Can't you just spin the bowl's top edge on a warmed cookie sheet? I think that Lisa mentioned it up-thread.
Maybe modifying an old turntable with an LP sized metal platter would work.
I have been molding bowls for many years and almost always include at least one in all of my classes and trade show presentations. I use metal mixing bowls or plastic serving bowls that I find in houseware sections and party shops.
1. Pour tempered chocolate into the bottom of the bowl, swirling it around to cover all but the rim, adding more chocolate if necessary.
2. Holding the bowl in a slightly inverted position over the bowl of tempered chocolate, shake and twist it vigorously to coax the excess to drain back into it. Turn the bowl upright and slap the outside of the bowl to smooth the surface of the chocolate and settle the little that's left in the bottom.
3. For a clean edge, this step is important. Wrap the tip of your index finger in the corner of a slightly damped cloth (I use Handi-Wipes) and clean the excess chocolate off the rim, swiping around the whole rim to define the thickness of the chocolate and form a clean edge.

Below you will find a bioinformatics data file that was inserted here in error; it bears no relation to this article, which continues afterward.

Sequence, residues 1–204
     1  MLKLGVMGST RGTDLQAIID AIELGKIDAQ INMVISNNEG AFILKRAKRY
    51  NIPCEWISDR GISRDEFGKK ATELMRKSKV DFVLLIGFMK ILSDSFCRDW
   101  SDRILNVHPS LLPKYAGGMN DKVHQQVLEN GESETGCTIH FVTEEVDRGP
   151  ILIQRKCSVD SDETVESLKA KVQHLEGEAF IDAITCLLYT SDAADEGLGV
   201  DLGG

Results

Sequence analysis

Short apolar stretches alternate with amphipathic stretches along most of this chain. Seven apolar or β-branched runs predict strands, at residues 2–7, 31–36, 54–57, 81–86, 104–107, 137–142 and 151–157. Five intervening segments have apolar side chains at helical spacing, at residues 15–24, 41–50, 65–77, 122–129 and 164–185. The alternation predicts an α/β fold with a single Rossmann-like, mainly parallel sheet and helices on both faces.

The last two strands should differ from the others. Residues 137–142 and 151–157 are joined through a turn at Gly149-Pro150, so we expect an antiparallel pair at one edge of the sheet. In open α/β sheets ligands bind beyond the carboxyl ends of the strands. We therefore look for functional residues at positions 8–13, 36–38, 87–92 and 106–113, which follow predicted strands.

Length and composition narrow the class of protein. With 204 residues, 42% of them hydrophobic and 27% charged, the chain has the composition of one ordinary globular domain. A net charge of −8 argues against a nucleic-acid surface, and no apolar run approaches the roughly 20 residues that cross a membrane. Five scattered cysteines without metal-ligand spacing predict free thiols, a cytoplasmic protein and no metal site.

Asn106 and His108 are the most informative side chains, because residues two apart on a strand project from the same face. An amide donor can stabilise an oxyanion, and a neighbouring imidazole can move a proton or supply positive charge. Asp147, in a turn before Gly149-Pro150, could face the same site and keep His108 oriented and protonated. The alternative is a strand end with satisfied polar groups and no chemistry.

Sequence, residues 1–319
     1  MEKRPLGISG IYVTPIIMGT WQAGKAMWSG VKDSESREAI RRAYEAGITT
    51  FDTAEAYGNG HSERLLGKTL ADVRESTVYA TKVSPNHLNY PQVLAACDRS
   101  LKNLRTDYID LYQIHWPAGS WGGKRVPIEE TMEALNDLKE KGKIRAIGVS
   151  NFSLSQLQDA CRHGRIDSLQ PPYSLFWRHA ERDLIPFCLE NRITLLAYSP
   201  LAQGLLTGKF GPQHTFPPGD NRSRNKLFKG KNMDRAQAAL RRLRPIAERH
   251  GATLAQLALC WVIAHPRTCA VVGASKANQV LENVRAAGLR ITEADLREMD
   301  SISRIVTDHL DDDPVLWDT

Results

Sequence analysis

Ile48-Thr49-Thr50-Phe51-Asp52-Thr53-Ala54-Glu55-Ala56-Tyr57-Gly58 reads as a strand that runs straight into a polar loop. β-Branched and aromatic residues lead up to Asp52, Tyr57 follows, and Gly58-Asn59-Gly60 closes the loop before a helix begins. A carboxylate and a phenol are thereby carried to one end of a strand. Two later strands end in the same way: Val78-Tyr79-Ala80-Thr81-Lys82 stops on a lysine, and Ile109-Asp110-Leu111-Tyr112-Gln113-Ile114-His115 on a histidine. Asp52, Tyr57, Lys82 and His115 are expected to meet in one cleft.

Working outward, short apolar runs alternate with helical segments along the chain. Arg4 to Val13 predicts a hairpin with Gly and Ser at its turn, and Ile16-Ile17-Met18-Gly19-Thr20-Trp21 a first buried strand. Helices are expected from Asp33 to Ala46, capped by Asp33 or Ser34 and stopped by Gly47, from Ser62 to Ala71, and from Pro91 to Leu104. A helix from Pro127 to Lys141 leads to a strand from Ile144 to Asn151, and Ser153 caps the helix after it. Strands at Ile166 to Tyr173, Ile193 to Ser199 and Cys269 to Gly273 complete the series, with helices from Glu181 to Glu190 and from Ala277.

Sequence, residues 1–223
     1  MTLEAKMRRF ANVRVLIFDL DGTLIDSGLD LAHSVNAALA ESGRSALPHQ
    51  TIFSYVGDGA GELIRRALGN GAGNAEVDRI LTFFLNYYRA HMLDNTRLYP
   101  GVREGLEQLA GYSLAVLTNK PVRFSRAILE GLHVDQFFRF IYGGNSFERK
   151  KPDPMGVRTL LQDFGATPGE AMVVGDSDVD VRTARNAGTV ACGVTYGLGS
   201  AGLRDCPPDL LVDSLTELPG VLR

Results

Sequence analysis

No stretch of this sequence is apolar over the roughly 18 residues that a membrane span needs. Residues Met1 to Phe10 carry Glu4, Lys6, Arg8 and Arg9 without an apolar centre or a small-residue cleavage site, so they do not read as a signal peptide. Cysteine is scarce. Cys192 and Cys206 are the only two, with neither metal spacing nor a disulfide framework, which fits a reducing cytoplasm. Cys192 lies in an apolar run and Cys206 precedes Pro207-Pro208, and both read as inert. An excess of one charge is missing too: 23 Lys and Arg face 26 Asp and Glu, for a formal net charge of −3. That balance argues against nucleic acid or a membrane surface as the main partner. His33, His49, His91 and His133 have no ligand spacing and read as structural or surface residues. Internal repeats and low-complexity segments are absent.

4. Refrigerate the bowl only until the chocolate is barely dry to the touch--about 5 to 10 minutes. Repeat Steps 1, 2 and 3 to add a second layer. This time the chocolate will swirl more sluggishly because it is being applied over a cool layer of chocolate.
5. Refrigerate until firmly set--about 20 minutes. To test it's readiness to release, touch the bottom of the bowl (where the chocolate is thicker than the sides) with the back of your fingers. It should feel cold. Often you can see a separation along the rim where the chocolate has contracted.
6. To release, hold the sides of the mold with both hands, with your thumbs bracing the bottom and your fingers curled over the edge. Invert it over the work surface, pressing the bottom gently with both thumbs, if necessary. If it doesn't release easily, don't force it. Refrigerate a few more minutes and try again.
Now the fun begins. I often decorate the sides with cut-out pieces of chocolate clay, chocolate leaves, or piped designs. An example of one of my bowls with a grape cluster border can be found in my book, The Art of Chocolate.
Good luck and have fun.